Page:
A few years ago, I discovered Thomas Cahill’s book How the Irish Saved Civilization and was utterly fascinated. A longtime Anglophile, the Celtic traditions of Ireland and Scotland weigh heavy in my heart and my imagination. I was able to travel to Scotland for the first time in 2017 and I’ll never forget that first sighting. As much as I had loved England’s countryside, the deep greens and rugged wildness of the Scottish highlands, compared to England’s neatly manicured hedges and gardens, was so enchanting. You can almost feel the spiritual history around you, which some find alarming, but I find rather comforting and intriguing.

Perhaps one of the most fascinating things about the Celtic culture, and Celtic Christianity which followed, is their reliance on and respect for the seasons. This could, in truth, be said about many ancient cultures – in particular, I think of Ayurveda and its significant focus on living with the natural ebb and flow of both seasons and days. However, the Celts had a particular way of taking their time honored traditions and infusing them with their newfound Christian beliefs that was unique to the time. Celtic deities before they largely embraced creation were not quite like the deities of ancient Greece or Rome – like the elements (which, in the Northern hemisphere and specifically the terrains of the Northern British Isles, were rugged and dangerous) they were fierce to behold. There was a fear associated with both nature and the gods which precipitated a need for festivals, services, and sacrifices in order to maintain a sense of balance and harmony between the earth, the gods, and the people. Christianity offered a change to that. The world, and nature, were still full of magic – but this magic “come[s] from the hand of a good God” and therefore

“This magical world, though full of adventure and surprise, is no longer full of dread. Rather, Christ has trodden all pathways before us, and at every crossroads and by every tree the Word of God speaks out. We have only to be quiet and listen.”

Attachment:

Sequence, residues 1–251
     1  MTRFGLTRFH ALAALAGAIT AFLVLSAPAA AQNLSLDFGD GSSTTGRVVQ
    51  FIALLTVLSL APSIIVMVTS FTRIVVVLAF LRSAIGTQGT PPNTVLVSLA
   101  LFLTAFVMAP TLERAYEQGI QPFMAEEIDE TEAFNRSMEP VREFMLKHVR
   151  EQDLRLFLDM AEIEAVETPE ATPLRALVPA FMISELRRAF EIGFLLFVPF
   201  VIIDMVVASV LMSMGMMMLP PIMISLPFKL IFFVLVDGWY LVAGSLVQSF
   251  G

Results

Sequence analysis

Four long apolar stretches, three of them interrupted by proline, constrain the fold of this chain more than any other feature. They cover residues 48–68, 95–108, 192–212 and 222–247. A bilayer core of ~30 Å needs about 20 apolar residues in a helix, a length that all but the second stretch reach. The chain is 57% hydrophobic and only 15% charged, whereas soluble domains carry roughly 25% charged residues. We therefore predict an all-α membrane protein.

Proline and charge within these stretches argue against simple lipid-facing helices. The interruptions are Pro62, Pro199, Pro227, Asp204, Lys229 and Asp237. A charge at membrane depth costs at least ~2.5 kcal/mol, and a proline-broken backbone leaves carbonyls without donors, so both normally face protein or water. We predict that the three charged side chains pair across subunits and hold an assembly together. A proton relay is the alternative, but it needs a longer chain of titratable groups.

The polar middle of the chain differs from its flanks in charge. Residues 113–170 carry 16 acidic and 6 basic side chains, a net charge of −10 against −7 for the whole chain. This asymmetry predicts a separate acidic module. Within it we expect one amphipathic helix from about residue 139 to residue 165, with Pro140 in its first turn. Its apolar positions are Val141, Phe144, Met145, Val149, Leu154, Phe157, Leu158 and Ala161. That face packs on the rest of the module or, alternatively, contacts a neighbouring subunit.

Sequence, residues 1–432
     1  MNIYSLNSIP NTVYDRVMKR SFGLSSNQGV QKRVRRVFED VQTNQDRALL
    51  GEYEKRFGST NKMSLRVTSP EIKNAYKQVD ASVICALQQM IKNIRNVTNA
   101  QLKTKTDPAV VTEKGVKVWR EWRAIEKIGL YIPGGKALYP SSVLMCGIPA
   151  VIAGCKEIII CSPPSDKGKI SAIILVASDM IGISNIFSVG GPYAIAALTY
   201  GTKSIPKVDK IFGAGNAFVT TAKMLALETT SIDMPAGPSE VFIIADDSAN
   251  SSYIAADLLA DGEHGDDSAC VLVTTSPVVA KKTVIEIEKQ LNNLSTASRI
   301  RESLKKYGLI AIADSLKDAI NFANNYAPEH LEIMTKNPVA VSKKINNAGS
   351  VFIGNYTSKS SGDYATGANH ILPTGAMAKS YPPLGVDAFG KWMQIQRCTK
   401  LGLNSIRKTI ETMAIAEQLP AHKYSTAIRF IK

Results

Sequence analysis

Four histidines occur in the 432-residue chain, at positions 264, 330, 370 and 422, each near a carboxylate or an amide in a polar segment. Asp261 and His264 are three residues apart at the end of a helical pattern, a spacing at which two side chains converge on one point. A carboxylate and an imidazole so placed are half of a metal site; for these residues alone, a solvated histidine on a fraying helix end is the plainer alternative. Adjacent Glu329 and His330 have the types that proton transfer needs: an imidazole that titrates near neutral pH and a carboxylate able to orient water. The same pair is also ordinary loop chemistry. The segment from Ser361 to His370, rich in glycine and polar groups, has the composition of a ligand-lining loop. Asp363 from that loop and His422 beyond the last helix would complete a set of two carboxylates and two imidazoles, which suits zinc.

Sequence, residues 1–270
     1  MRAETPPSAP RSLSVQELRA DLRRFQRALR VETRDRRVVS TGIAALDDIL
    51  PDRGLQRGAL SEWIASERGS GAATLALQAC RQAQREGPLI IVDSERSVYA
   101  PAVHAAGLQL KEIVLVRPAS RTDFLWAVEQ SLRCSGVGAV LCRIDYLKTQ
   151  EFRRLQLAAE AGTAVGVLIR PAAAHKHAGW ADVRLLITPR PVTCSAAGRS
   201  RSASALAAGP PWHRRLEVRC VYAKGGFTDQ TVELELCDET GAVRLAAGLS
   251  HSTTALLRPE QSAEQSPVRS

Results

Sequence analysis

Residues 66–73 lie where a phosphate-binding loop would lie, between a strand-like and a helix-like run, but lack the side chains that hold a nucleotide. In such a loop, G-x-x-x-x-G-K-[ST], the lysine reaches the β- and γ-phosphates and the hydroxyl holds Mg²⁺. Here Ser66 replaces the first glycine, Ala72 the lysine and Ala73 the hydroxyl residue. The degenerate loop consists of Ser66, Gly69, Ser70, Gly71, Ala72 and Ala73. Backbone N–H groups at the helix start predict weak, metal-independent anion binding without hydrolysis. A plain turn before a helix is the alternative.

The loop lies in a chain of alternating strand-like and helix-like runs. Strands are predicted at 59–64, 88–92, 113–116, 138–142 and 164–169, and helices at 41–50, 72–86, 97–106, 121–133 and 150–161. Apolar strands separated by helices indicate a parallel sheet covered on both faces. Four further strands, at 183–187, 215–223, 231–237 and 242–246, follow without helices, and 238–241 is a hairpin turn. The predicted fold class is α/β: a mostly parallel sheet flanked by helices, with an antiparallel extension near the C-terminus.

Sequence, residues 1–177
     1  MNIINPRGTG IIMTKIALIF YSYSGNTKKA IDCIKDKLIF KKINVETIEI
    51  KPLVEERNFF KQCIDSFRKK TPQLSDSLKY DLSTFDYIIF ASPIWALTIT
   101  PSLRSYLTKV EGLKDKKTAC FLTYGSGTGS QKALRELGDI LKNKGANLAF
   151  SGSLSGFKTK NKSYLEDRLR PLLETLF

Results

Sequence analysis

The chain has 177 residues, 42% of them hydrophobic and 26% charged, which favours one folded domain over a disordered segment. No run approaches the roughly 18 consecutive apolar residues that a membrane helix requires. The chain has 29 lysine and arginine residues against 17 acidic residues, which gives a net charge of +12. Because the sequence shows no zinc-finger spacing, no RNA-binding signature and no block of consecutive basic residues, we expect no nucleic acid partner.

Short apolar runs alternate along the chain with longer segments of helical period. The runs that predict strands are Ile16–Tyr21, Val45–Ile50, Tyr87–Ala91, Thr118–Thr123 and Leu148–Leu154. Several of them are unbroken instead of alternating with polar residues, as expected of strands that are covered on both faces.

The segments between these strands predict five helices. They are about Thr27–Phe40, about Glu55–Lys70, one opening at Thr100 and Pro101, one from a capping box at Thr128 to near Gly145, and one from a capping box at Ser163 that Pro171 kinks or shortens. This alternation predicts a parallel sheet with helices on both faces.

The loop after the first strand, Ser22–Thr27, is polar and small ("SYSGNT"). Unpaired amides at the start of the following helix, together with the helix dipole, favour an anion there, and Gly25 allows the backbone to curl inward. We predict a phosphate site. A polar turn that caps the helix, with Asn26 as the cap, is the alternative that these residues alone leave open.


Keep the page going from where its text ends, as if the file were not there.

Cahill, p. 131 – 133

Prior to conversion, the Celts held four annual festivals, timed with the equinoxes and solstices. One of those, and arguably the most important, was Samhain. Samhain marked the end of the harvest, the beginning of a new year, and the transition into the darkness. It was the time of year that the veil between the gods and the earth was thought to be the thinnest, making it a time when spirits walked and monsters roamed. Druid rituals were performed, sacrifices were made, and debauchery was likely at an all time high. Over time, new traditions were added. As Christianity began to take hold, new holidays were born: All Saint’s Day celebrated on November 1st and All Soul’s Day celebrated on November 2nd. In modernity, another holiday emerged: Halloween, celebrated on October 31st. An interesting merging of ideas took place as these new holidays and celebrations emerged. Trick-or-treating, jack-o-lanterns, pranks; increased interest in ancestors, ghosts, and the mystery of darkness; respect for saints who have passed and the “cloud of witnesses” we, as Christians, are encouraged to study and emulate; all of these late October markers have their making in Samhain.

The church year begins in darkness. During Advent, we focus on the anticipation of the coming of Christ. Built around the experience of the Jews who, for centuries and centuries, waited the coming of the Messiah, we join in on that wait. Although the time between Thanksgiving (in the U.S.) and Christmas is what we now think of as “Christmastime,” according to church history, we’re not yet there. It will come, yes. But first, we ruminate on a world and a people that need Jesus.

It seems fitting, really, that Advent should follow on the heels of All Saints and All Soul’s, particularly as it is traditionally observed in similarity to Samhain. Ordinary Time fades from outward growth and green into inward growth and darkness. We harvest what we’ve cultivated in preparation for a time of rest. We look back on those who have gone before us in our last days of Ordinary Time, a cloud of witnesses who have lived out this Gospel story, before we turn back to anticipation of, ultimately, the second return of Christ and the resurrection of the saints.

And so, as a Christian, we can marry the time of Halloween and November with our beliefs and our history. It doesn’t mean foregoing trick-or-treating or Thanksgiving. It just means going inward for a bit – using this time of darkness to cultivate a sense of gratitude for what you’ve been given, of appreciation for those gone before, and of anticipation for what is to come.